The ongoing war in Iraq has stirred unrest in the neighbouring Iranian province of Khuzestan, which in Arabic is called al-Ahwazi. High poverty rates among Ahwazi Arabs, despite their province's production of 90 per cent of Iran's oil revenue, have fuelled resentment, as has discrimination on cultural-linguistic grounds. Some Arabs are Sunni and not allowed to practise their faith publicly, or construct a single Sunni mosque. In January and February 2007 the Iranian government executed eight Ahwazi Arabs for alleged participation in 2005 sabotage of oil infrastructure in Khuzestan by the intentionally excruciating method of slow strangulation. Three UN rapporteurs deemed the one-day trial deeply flawed. The accused had not been allowed access to their lawyers and, when the Ahwazi lawyers complained, they were arrested. In September the government conducted three more such executions, sparking public protests on which police opened fire. In November 2007, eight additional executions appeared imminent, but an international advocacy campaign subsequently succeeded in removing two Ahwazi men from death row.

Azeris, who are Turkic-speaking Shias, make up nearly one-quarter of the population and are concentrated in north-western Iran, along the borders with Azerbaijan and Armenia. Of all of Iran's ethnic minorities, Azeris receive perhaps the greatest acceptance among Persian Iraqis; indeed, Iran's supreme leader, Ayatollah Khamenei, is ethnic Azeri. Nevertheless, Azeris continue to face discrimination and are denied education in their mother tongue. In February 2007 Iranian security forces arrested dozens of Azeris peacefully protesting for Azeri-language education in towns across the north-west. According to Amnesty International, some of those detained allegedly were mistreated in custody. In May, Azeris again demonstrating for language rights were arrested in their hundreds; these protests were timed for the one-year anniversary of a cartoon in a government newspaper that depicted a cockroach speaking Azeri.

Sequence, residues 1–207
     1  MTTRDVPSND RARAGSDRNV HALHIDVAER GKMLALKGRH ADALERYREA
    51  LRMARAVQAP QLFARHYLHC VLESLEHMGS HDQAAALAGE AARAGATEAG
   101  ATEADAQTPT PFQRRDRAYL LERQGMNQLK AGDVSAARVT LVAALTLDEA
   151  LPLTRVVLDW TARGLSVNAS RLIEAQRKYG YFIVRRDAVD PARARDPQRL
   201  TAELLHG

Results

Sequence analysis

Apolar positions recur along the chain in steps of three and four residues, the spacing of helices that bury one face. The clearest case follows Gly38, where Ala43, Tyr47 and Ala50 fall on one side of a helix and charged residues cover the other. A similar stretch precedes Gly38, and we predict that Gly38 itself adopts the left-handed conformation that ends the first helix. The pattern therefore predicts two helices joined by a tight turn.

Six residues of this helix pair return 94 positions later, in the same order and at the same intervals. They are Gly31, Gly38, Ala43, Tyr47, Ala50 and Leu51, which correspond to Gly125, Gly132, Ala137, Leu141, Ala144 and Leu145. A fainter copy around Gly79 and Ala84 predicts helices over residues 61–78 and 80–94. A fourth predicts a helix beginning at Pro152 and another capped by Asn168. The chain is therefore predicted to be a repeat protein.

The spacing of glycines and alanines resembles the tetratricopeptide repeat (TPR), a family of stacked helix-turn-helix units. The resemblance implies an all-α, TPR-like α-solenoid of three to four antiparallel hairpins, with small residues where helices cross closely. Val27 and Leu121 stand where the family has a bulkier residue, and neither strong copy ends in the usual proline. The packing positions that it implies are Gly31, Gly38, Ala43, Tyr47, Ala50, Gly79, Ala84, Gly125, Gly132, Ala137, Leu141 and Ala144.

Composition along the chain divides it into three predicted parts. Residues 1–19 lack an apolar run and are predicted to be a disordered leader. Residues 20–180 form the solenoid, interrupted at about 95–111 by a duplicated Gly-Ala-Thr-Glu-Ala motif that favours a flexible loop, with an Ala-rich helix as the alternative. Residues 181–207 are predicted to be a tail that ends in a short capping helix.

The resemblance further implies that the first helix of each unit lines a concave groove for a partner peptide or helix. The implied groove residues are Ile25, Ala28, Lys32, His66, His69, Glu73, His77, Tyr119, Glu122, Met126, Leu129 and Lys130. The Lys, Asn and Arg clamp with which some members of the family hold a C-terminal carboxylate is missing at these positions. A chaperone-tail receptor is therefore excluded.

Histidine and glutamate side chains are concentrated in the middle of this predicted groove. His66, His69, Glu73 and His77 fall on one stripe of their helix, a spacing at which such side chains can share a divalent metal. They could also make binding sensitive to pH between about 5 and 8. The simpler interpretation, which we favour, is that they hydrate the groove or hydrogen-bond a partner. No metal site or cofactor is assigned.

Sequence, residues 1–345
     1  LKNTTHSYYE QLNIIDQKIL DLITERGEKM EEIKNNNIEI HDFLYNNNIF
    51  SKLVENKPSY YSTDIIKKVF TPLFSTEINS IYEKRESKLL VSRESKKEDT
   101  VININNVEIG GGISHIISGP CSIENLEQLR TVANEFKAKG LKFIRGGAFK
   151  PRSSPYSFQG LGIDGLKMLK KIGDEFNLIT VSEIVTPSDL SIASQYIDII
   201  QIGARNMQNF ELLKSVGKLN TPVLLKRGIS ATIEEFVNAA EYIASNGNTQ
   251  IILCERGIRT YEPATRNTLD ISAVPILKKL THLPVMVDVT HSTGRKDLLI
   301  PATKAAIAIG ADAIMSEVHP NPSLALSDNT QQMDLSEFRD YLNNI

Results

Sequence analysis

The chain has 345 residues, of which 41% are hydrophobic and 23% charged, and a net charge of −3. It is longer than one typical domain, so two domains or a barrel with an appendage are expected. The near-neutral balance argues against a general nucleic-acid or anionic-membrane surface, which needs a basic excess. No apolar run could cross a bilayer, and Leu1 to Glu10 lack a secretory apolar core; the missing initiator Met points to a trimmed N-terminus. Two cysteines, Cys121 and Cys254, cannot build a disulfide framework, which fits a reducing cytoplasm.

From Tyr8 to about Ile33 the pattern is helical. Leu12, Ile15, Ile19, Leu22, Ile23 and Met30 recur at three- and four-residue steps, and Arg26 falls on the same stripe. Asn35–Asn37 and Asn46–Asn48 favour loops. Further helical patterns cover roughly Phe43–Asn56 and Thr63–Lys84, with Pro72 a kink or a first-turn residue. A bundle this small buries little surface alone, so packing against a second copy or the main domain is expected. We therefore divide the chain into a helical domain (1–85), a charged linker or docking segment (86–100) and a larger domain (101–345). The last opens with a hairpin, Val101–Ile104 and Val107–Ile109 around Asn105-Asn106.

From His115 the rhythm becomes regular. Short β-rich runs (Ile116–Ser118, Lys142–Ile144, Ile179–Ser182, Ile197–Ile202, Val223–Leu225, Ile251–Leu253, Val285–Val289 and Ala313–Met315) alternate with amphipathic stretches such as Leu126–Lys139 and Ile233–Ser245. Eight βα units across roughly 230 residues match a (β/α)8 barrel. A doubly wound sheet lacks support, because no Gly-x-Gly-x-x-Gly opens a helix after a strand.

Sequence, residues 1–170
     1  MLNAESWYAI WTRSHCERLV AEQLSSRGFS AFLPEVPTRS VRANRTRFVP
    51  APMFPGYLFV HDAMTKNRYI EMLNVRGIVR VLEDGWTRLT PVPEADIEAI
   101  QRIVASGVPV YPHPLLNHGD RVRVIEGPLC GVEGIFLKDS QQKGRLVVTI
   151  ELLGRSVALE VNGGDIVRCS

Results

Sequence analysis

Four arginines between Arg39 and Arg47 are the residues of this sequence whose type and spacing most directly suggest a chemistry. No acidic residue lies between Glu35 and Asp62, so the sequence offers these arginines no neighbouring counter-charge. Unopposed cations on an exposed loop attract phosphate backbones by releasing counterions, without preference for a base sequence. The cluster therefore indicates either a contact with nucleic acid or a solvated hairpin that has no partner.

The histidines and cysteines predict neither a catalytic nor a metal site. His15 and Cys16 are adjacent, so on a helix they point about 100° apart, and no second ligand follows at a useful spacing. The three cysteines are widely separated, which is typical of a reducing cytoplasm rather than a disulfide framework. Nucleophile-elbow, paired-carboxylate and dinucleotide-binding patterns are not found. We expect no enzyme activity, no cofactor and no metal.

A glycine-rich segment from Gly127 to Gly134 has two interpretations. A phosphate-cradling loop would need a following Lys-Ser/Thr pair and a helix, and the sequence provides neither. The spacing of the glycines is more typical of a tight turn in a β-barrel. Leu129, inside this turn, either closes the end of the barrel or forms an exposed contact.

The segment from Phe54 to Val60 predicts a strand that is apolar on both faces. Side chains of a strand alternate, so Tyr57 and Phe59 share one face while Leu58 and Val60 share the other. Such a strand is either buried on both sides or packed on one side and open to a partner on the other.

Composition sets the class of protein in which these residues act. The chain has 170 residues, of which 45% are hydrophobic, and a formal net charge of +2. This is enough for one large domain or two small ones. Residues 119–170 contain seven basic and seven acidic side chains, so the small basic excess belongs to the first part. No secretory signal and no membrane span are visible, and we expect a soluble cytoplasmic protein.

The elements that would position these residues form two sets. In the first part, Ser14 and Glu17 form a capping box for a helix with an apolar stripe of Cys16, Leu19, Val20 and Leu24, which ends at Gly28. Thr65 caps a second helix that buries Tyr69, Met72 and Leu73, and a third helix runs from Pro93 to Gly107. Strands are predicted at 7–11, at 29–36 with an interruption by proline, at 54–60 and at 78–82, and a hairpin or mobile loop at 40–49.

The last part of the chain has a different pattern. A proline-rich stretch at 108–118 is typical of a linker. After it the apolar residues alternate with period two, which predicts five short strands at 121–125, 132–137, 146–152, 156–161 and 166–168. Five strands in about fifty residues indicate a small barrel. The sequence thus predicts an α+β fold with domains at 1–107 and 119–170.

Iran's largest religious minority, the Baha'i, also faces some of the worst government abuse. The estimated 300,000 Baha'i adherents are persecuted for their belief that other prophets followed Muhammad and, as followers of an unrecognized religion, are barred from public worship or contact with co-believers in other countries. Baha'i rights organizations reported an increase in government harassment in 2007. This included police raids on Baha'i homes and businesses in Tehran in February, criminal prosecution of group members for promotion of an 'un-Islamic' organization, and government orders to 25 industries in April to deny business licences to Baha'i. A 2006 government edict led to the expulsion of more than half of all Baha'i university students during the 2006–7 academic year, solely on the basis of their religion.

In November 2007 the UN General Assembly's Human Rights Committee narrowly approved a draft resolution expressing 'deep concern' at human rights violations in Iran. Among other provisions, the draft called on Iran 'to eliminate, in law and practice, all forms of discrimination and other human rights violations against persons belonging to religious, ethnic, linguistic, or other minorities'.